Book#3 Dark Horse Trilogy
"1865. After the Civil War, Durksen Hurst and three black friends return home to a devastated Mississippi, the sole survivors of a Union colored cavalry regiment. But instead of peace, they find unregenerate Confederates who reject emancipation still in charge. Undeterred, Durk opens a law practice to help disenfranchised freedmen — only to be threatened by powerful planters and nightriders. A black school is burned; a petition march to Jackson is terrorized. And when one of his friends goes missing, Durk is horrified to discover Black Codes being used to force freedmen into brutal servitude. Clever Durk schemes to liberate them but must contend with armed ruffians — and a rigged court system. Will fire and bullets prevail?"
This is the final book in the Dark Horse trilogy. I haven't read the first two but, helpfully, this one begins with a recap of what has happened in the previous two volumes so the reader is able to catch up with the story, for the most part. I say for the most part because what is not mentioned in the blurb is the other threat to Durk and his friends, the confused and confusing character of Devereau French.
Devereau's story is a huge part of the narrative and, whilst the introduction makes clear what has happened to this character up until now, I felt that in order to really understand Devereau I needed to see the character in action in the previous two volumes. Inevitably, I think, when one hasn't read the beginning of a series, some nuance and understanding of the characters is lost. It is clear from Volume Three that Durk, his partner Antoinette, and Devereau have a long and complicated history, which is neatly resolved here.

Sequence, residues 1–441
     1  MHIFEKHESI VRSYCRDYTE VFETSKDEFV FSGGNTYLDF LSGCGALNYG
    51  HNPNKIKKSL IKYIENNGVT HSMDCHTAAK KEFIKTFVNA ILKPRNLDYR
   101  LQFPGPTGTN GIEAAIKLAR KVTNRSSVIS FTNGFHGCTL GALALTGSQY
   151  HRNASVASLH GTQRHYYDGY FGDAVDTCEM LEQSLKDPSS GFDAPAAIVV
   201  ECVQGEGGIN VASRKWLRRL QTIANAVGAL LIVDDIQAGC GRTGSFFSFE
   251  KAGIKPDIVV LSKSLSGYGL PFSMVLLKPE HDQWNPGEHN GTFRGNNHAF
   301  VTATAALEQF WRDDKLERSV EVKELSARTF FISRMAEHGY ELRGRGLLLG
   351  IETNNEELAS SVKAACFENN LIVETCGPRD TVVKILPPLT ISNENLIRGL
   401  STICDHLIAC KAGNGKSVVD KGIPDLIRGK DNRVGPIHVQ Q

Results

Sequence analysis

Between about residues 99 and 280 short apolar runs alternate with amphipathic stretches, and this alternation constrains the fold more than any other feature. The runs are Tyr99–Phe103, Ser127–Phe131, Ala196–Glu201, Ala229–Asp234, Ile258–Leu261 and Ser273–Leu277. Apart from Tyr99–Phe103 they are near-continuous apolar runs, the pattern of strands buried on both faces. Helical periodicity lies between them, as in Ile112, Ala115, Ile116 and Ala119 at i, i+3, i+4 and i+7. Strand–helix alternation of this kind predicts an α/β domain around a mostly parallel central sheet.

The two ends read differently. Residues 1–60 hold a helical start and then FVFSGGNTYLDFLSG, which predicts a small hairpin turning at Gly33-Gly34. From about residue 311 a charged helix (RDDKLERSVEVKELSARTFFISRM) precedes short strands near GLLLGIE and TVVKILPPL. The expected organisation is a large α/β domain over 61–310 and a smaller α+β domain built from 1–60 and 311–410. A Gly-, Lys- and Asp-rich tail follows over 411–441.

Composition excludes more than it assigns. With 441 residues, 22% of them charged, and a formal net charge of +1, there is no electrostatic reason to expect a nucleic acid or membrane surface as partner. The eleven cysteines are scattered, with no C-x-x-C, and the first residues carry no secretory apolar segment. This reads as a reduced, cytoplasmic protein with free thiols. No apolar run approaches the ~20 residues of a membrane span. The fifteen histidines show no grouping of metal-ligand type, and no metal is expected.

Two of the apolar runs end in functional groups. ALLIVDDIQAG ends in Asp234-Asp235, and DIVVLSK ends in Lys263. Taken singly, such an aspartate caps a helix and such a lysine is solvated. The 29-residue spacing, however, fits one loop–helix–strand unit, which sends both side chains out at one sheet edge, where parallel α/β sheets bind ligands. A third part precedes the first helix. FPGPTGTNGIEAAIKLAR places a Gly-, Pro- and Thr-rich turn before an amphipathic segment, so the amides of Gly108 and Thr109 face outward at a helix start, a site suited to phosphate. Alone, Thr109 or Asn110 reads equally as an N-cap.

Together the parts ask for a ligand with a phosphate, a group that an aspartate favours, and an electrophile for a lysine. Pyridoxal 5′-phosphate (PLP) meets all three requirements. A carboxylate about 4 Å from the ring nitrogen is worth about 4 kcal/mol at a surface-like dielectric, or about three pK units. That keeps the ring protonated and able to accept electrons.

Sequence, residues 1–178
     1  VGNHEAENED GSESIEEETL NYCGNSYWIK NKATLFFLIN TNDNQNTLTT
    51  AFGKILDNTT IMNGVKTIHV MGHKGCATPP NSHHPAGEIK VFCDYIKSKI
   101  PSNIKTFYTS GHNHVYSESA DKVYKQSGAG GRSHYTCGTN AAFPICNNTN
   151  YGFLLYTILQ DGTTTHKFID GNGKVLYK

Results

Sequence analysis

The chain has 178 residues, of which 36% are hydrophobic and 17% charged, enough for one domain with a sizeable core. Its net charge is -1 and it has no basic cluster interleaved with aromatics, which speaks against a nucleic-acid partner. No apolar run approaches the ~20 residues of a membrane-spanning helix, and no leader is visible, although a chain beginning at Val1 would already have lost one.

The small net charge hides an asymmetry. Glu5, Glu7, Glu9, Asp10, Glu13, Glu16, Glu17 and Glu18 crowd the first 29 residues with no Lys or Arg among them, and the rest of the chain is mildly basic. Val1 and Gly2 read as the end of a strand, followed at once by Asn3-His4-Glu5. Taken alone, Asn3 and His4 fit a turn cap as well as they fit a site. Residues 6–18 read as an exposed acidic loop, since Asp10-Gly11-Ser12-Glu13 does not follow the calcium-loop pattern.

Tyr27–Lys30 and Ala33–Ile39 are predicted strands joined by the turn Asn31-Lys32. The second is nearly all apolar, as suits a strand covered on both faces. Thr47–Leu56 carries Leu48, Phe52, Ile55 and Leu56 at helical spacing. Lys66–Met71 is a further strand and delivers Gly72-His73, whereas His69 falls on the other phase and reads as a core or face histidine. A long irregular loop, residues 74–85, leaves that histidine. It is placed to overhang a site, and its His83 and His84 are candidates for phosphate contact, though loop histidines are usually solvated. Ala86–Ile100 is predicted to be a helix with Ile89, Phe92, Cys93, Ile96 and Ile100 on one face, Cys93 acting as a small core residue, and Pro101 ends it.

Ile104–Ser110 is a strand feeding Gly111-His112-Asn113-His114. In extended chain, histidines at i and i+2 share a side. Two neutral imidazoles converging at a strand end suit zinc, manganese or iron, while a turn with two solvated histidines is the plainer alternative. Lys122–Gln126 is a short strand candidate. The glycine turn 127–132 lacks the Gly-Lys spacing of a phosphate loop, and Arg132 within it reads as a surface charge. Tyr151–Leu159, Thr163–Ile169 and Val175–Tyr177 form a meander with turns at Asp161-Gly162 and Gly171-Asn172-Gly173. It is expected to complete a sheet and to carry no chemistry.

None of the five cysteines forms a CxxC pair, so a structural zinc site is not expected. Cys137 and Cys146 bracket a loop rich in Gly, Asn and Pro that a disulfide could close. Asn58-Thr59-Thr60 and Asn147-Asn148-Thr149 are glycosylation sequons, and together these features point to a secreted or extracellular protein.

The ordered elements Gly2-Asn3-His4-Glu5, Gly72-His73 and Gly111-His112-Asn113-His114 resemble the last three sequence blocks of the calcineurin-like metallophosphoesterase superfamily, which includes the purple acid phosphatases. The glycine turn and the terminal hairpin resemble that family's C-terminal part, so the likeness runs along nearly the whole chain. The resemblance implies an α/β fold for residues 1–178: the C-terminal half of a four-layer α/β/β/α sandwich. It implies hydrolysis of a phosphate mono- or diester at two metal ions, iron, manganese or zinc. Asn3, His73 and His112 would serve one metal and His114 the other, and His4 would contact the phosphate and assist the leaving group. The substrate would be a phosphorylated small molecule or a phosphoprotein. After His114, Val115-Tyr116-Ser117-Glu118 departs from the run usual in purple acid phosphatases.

This book challenged me in many ways. It is unsparing in its depiction of the brutal treatment of technically freed slaves, and pulls no punches when showing the attitudes of those in the South who felt that the war was not over and resisted all attempts to change and improve society and the lives of the former slaves. These scenes made for compelling reading, though not necessarily comfortable reading. I applaud the author though for not shying away from such issues.
I've already mentioned Devereau, but I didn't come away from the book feeling that I'd really got to know the other main characters and, again, this might be because they've had two previous books in which to tell their story and I only met them in this, the final part of that tale. I wonder, though, if it was also because of the author's habit of presenting several points of view within the same scene? This technique is quite uncommon these days, where writers usually stay with the point of view of one character throughout an entire scene. Once I'd got used to this habitual switch from one POV to another, I had no problem with it and, in the final scenes, it was used to good effect and one POV would actually have lessened the drama. (In fact I must say that the plotting generally, and the action scenes, were clever, artful and gripping.) But I think this technique also had the effect of preventing me from really getting to know the characters and pinpointing where my sympathies should lie, especially with Devereau whose story was complicated to say the least (I can't say why because that would be a huge spoiler).
Ultimately, though, any sense of slight detachment on my part was, I think, the result of my not having read the previous two books. Whilst the author was at great pains to allow latecomers to catch up by providing a summary of what had happened before, the difficulty of not having met the characters earlier is harder to overcome. I suspect that, if I'd read all three books, I'd have been hugely satisfied with the way all the strands were pulled together and sad to say goodbye to these characters.
So a good read - but start at the beginning!
Reviewed for Discovering Diamonds
© Lucy Townshend